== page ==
I just haven’t felt like writing.

Life continues along it’s bumpy road. While I invest hours looking for balance and learning about enlightened ways in which to live my life, when it comes down to it, I’m still just as prone to giant swerves off course as the next person.

After two weeks of hanging out with my mum, the quiet of being home, of epic days alone with April, has made me feel a little off. The weather and my friends’ combination of not here or busy also adds to my funkiness. The worst part about this little blip I’m in is that I objectively understand that it’s just me feeling off. I won’t go so far as saying that it’s silly, because I’m not about to discount my feelings based of rational observation. But part of me feels like I’m watching myself from afar, and sort of shaking my head with a knowing smile as I fall into old ways — thinking too much about unsolvable issues and worrying too much about future imponderables.

I went to the employment office on Monday to pick up a form that I need to hand in with my Young Volunteers package. Young Volunteers is the program I am applying for which will hopefully fund my book project for the next year. The way it works is that if you’re between 18 and 29, and are unemployed or having trouble getting work in your field, then you can get funding from the government in order to complete a project under the guidance of a mentor. My friend Adam, an established and may I even say successful writer here in Montreal, told me about the program and offered to mentor me.

So, when I went to the employment office when I got back to Montreal in April, the woman I spoke with checked on the government website to see if I was eligible for the program. I was. She then told me to apply for EI because maybe I would get more money. I did (apply), and I didn’t (get more money). But all I had really wanted was the eligibility to participate in Young Volunteers, so I was happy. She gave me the phone number of the people to call about the program, and that was that. Or was it?

So, I spent the better part of a month calling the wrong number. I called my employment officer back to tell her that it was the wrong number, but she insisted it was correct and as a result I left dozens of messages in the incorrect government voice mailbox. Finally, she called me back with the correct number. I called the number and was up in the Plateau at an information session the very next day. This was extremely exciting. The meeting revealed to me that if you have received any kind of employment benefits (including parental), then you are eligible to receive $240 a week, if not, you only get $300 a month. Big difference. “This is great!” I thought to myself, I can get almost a grand a month from this and go back to PMA part time. Hooray! I can actually work as a writer for a little bit of money!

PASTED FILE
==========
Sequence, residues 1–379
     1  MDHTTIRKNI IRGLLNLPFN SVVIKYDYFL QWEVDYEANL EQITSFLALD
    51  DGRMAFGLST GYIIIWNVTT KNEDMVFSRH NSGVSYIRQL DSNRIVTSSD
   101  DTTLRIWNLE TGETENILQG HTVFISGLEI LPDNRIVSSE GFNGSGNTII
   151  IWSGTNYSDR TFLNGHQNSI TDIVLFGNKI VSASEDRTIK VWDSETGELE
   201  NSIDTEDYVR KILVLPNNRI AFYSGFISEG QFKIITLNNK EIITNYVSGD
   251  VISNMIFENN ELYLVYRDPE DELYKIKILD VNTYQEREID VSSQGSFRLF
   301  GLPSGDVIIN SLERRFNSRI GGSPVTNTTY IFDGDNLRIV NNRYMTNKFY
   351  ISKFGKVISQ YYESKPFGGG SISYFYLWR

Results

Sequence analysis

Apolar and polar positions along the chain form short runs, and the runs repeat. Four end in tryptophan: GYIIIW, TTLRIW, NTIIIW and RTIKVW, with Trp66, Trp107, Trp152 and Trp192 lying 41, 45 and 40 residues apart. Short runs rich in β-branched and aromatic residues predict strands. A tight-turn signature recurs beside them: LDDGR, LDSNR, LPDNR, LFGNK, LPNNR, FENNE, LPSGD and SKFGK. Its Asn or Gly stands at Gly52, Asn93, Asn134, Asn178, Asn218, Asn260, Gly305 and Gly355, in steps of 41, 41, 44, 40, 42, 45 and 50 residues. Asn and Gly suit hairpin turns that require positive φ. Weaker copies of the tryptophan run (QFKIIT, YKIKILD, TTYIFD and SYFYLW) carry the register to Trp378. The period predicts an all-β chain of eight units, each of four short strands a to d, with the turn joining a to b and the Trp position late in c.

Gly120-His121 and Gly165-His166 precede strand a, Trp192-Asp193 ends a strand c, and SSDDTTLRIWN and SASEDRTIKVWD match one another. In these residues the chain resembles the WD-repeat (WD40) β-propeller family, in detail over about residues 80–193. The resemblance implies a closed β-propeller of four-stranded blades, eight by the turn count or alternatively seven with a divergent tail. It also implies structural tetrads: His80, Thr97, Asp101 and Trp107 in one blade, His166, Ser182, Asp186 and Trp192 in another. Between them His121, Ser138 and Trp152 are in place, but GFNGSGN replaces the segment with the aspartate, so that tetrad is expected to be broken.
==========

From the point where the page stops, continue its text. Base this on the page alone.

I have been thwarted. Or rather, I may soon be.

When I arrived at the employment office on Monday to pick up the form giving me permission to participate, I was given some thoroughly unexpected news. When she checked my eligibility again on July 27th, it said the I was not eligible. She had no reason for this, just a different answer from the last.

Now, I haven’t worked since April. I haven’t done anything that has brought any money into my hands. The only thing I have done since I last saw her was file for EI, which was rejected as I haven’t worked for the past year. Because I was on parental leave. So why on earth am I suddenly ineligible for something that a few months ago I was eligible for?

Oh, bureaucracy. How I despise you.

While all of this was going on, I was reading Deepak Chopra’s Perfect Health. Sitting in her office, waiting for her to come back from talking with her supervisor, I read that a rapid heartbeat is a Vata imbalance. I sat and tried to breathe deeply, to remain positive and calm despite the wave of stress that was rapidly permeating my every cell.

All this to say, I hope that life is testing me. I hope that tomorrow or the next day I will get a call saying that it was all a mistake, and I am eligible. Nothing has changed. Why, oh government, why are decision rendered so entirely incomprehensibly? I thought you were supposed to help me?

Maybe I’m just not supposed to get my hopes up.

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